💸 The VC market is so hot right now that some would say it’s overheated. Amidst the push for new deals and finding the next unicorn, one firm stands out for a novel and unique approach. Tiger Global has taken the sector by storm, raising $8.8bn in the first close of its biggest fund this year. What’s remarkable about Tiger Global, as outlined in this excellent deep dive, is its distinctive strategy for deal-making.
Unlike other VC firms, Tiger focuses on investing in deals that pass an 18% hurdle rate and will keep deploying capital so long as it exceeds that hurdle rate. Most firms will only deploy capital for moon shots. This means Tiger deploys capital faster and, potentially, can return it more quickly.
The other difference, which might sound like good business advice for those outside venture capital, is that Tiger shows up to meetings exceptionally well-prepared and does their homework. Instead of racing to meet with as many founders as possible in one day, Tiger arrived with a detailed understanding of the opportunity and could make decisions in a concise amount of time. (The tweetstorm below shows some instructive examples of how Tiger has approached founders.)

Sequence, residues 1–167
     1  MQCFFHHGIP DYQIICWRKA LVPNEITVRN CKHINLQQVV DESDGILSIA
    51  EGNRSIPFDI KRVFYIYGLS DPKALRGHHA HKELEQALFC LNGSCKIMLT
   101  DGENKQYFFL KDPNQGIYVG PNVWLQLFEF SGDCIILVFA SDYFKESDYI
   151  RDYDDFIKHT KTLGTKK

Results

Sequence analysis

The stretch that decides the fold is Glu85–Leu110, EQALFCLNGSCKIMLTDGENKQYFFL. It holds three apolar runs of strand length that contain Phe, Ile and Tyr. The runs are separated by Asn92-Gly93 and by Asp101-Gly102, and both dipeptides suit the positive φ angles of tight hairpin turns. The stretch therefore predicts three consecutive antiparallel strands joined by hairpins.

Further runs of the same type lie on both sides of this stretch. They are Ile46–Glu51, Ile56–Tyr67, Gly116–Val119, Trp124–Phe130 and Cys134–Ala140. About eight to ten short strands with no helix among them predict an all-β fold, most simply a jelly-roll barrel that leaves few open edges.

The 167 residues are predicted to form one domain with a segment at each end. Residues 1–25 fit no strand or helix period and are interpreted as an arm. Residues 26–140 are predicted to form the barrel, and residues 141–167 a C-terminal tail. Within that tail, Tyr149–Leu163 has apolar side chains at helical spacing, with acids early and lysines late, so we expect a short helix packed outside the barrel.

Is this a fundamental sea change to venture capital? I’m not sure. It is more reminiscent of the disruption brought by Total Football, the glorious style of play pioneered by Ajax in the 1970s, which upended the 4-4-2 or 4-3-3 of positional soccer. Total football was beautiful--and all-powerful--but hard to execute well. Few sides did it again until Barcelona emerged with Tika-Taka in the 2000s.
Like Ajax and Barcelona, Tiger may be hard to clone but it might inspire new approaches in this rapidly growing industry. And that’s a good thing. [See also: Fred Wilson cautions against the $100m seed round - both for investors and founders. Breakthrough science and the future of venture capital. And venture financing in Europe finally exceeds agricultural subsidies.]